Growth of global demand for natural gas is also expected to slow, although it is expected to remain positive in the coming decades, says IMF report
The International Monetary fund (IMF) has said in a new report that global oil demand will peak around 2040 – or ‘much sooner’ and that this could have a ‘significant’ impact on oil-exporting countries, including those of the GCC who account for a fifth of the world’s oil production.
IMF’s report titled ‘The Future of Oil and Fiscal Sustainability in the GCC Region’ stated that new technologies are increasing the supply of oil from old and new sources, while rising concerns over the environment are seeing the world gradually moving away from oil. In the meantime, the study added that GCC countries have recognised the need to reduce their reliance on oil and are implementing reforms to diversify their economies as well as fiscal and external revenues.
The report also added that as global oil demand is expected to peak in the next two decades, the associated fiscal imperative could be both larger and more urgent than implied by the GCC countries’ existing plans since at its current fiscal stance, the region’s financial wealth could be depleted by 2034.
IMF stated that the oil market has experienced a significant turnaround in recent years. The sudden and unexpected oil price decline of more than 50 percent during 2014–15 was among the largest in the past century and amounted to a transfer of nearly $6.5 trillion from oil-exporting to oil-importing countries. This was in the form of cumulative oil revenue decline, and many oil-exporting countries are still adjusting to the effects of this oil decline, it added.
Although the importance of non-oil sectors has increased in recent decades, many of them still rely on oil-based demand either in the form of public spending of oil revenue or private expenditure of oil-derived wealth. The 2014–15 oil price shock, which notably slowed non-oil growth in most of the region, was a stark reminder of this dependence, the report said.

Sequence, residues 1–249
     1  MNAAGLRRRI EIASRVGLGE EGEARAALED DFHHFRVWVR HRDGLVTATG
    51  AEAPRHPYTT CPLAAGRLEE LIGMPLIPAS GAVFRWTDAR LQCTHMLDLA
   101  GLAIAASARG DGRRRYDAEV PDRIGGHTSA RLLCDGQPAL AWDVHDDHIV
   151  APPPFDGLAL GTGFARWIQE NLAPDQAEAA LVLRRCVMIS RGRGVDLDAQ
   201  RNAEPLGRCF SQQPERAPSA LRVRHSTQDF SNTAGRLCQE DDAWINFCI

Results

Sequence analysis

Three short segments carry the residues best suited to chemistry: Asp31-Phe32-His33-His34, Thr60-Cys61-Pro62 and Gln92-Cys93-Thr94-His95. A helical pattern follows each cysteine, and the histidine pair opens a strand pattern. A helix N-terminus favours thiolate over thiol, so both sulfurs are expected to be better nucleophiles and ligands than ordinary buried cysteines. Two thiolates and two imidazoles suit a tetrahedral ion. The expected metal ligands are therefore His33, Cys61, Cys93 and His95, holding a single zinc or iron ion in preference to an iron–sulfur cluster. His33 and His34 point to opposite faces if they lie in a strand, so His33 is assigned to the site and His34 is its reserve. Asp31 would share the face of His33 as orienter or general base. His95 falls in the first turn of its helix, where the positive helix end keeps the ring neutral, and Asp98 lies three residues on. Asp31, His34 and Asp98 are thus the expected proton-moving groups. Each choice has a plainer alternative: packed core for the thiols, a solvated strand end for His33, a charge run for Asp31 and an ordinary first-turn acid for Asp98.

On what can be done for the future, the report stated that ongoing reform efforts in the region will provide momentum over the next five years, but they need to be accelerated. As the region transitions toward a non-hydrocarbon economy, moving from wide-ranging fees toward fewer broad-based taxes, for example, could provide much-needed revenue diversification while also reducing distortions and facilitating SME development.
The report also estimated that governments will likely need to downsize. Progress has already been achieved in some areas, such as reduction of energy and water subsidies in several countries. But there remains significant scope for rationalising other categories of spending, including reforming the region’s large civil service and reducing public wage bills which are high by international standards, the report speculated.
Meanwhile, emphasis could be made on sustained structural reforms to generate lasting non-oil growth momentum, the report said adding that countries should re-evaluate their approach to saving. The impact on non-hydrocarbon growth has been typically short-lived and, as the economies have developed, growth multipliers from these investments have begun to decline. Therefore, from the optimal portfolio allocation and wealth preservation perspectives, financial saving will be more important going forward.
In its concluding chapter, IMF stated that the biggest challenge will be managing the broader economic transition. Ongoing reforms are moving the GCC region in the right direction, but they need to accelerate. Even with rapid diversification, sizable fiscal adjustment will be needed in the long term.
Achieving this adjustment will require countries to step up their efforts to raise non-oil fiscal revenue, reduce government expenditure, and prioritise financial saving. The economic well-being of future generations would be helped by a strong early start with these reforms, although they will entail greater effort by the current generation, the report summarised.